Each of these circuits has its own set of advantages and disadvantages, making the choice a bit more complicated than one of mere time and complexity. The purpose of this article is to list these circuits, together with their pros and cons, to make it easy for you to pick the one best suited to your own needs.

Before going into the newer and more-sophisticated detector circuits, a brief review of the conventional detector is in order. To

Fig, This basic circuit, or slight variations of it, is the second-detector in use in nearly every radio receiver on the market today. Except for the filter, the circuit Is identical to a half-wave power supply but operates in a completely different fashion.

clarify the approach used in this review, you know that an ordinary AM signal may be visualized in either of two ways: It may be con* sidered to be a single, steady carrier wave varying in amplitude, or it may be thought of as an unvarying carrier accompanied by sidebands of varying strength which are later mixed with the carrier to produce sound.

While the second visualization is more correct in the mathematical and physical sense, there is no measurable difference between the two. To avoid complicating this article with exotic mathematics, the first (and older) visual ization has been used in explaining diode-detector action.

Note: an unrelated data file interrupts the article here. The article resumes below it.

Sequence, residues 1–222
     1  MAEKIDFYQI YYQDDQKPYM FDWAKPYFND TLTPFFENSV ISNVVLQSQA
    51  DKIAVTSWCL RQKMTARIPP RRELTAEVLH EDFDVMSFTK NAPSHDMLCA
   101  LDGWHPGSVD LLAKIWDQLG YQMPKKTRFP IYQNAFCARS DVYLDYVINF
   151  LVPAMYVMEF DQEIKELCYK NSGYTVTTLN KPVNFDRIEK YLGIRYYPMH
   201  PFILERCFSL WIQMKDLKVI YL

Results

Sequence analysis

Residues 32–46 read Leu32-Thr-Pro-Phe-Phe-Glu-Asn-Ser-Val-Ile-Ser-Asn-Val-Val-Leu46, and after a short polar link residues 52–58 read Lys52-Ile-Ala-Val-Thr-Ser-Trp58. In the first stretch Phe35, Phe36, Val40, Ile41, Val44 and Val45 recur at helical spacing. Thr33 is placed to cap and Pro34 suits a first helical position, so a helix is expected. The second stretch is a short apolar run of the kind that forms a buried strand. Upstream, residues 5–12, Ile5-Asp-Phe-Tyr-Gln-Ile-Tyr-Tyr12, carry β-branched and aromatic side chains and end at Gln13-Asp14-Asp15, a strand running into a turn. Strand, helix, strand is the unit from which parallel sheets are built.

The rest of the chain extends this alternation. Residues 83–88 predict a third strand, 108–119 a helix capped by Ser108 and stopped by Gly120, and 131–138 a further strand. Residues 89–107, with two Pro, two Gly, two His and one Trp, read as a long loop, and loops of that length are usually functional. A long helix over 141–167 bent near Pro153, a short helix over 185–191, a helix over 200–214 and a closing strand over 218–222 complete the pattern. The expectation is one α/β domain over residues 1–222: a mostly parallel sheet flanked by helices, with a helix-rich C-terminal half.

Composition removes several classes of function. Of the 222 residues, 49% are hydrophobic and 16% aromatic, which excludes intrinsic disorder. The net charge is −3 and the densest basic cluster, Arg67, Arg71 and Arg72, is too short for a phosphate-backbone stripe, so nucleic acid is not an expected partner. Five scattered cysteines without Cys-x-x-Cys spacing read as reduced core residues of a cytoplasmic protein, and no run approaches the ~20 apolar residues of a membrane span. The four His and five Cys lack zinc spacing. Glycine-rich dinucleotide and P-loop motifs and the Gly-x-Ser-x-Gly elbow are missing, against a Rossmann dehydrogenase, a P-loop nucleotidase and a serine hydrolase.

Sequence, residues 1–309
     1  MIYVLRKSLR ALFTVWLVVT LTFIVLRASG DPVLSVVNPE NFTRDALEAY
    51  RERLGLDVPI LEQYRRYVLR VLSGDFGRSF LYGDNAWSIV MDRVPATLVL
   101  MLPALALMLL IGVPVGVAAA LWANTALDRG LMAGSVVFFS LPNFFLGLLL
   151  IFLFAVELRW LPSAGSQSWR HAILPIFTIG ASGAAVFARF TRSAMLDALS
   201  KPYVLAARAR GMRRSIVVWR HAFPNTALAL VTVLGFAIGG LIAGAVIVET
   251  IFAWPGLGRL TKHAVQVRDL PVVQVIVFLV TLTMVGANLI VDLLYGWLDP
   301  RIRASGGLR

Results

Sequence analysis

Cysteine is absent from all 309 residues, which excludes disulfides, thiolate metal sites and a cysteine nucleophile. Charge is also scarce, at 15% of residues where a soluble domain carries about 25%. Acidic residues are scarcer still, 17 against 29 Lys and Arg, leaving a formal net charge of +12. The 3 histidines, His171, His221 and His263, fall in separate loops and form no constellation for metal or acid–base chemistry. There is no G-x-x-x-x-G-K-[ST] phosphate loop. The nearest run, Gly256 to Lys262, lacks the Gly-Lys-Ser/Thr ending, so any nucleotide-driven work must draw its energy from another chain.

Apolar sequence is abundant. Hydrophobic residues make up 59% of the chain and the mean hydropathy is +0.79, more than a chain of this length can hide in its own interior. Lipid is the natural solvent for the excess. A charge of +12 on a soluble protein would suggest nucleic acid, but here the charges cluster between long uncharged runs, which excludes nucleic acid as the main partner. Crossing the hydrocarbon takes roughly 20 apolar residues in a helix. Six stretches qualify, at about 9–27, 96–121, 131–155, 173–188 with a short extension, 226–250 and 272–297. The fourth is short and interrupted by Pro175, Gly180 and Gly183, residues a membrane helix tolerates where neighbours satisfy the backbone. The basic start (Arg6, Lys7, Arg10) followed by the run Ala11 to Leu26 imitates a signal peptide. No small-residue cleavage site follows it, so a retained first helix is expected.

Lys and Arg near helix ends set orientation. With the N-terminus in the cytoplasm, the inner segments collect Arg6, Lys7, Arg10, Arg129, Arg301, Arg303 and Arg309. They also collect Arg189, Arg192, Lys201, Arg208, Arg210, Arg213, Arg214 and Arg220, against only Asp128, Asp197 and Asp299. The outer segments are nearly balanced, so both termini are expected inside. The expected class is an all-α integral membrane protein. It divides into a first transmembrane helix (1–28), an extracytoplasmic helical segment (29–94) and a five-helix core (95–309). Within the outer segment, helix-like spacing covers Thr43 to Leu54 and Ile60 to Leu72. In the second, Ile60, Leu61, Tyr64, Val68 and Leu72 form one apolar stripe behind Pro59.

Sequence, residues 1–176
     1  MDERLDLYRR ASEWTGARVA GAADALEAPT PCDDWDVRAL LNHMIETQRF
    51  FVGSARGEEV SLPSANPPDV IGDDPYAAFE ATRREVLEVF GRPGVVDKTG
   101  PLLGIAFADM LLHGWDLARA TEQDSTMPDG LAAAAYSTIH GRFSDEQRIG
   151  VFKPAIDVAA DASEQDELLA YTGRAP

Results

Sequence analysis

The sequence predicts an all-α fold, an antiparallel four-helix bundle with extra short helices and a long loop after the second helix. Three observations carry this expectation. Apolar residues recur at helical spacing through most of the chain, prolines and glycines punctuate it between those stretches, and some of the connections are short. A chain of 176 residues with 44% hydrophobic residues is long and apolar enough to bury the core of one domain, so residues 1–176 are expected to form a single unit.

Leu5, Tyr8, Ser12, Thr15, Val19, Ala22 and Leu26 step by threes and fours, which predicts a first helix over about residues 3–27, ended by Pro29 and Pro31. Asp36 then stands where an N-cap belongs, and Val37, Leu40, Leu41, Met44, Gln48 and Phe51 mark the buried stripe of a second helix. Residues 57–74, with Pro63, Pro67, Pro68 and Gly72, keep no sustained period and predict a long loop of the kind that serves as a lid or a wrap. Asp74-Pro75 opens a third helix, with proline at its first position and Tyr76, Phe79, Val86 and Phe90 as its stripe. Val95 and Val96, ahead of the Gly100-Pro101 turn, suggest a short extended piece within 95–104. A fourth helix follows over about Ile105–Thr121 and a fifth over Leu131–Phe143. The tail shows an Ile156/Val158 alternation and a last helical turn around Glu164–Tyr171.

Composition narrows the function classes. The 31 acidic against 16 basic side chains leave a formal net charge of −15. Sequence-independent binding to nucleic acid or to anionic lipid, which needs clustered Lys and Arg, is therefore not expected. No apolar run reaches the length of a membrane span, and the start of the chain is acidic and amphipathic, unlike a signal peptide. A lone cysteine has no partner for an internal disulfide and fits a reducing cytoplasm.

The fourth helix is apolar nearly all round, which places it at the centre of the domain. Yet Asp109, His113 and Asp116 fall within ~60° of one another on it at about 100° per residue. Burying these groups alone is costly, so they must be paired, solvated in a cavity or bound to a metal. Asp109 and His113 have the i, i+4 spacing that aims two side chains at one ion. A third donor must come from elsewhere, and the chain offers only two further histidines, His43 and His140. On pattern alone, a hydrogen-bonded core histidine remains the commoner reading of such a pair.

Since the most common detector in use today is the diode, ict's look at it first. Most diode detector circuits are similar to that shown in Fig. I, You may find a crystal diode instead of l!te tube in some receivers, but i \e principles of operation remain unchanged.

Similarity between this circuit and an ordinary half-wave power supply (less filter) is evident. However, the two circuits differ drastically in several important operational details.

In a power supply, the design factors are chosen so that current will flow over as much of the cycle as possible without flowing during the reverse half-cycle- This reduces ripple voltage in the output to a minimum.

In the detector, however, the objective is to make current flow through the diode in a series of extremely short pulses. This is accomplished by making the resistance of R1 very large compared to the diode's forward resistance, and by making the applied signal voltage as large as possible without running into overload.

Under these conditions, CI is charged by the short pulses, and if the time constant is properly chosen the capacitor voltage will rise almost to the peak value of the applied signal.

he voltage will vary in a linear manner with the strength of the applied signal as measured at the peak. For this reason the circuit is known to engineers as a "peak-linear" detector.

Note that the voltage impressed on CI will follow the signal modulation envelope only if the tube voltage drop is negligible compared to applied voltage. At low signal levels, every rectifier becomes a "square-law" device whose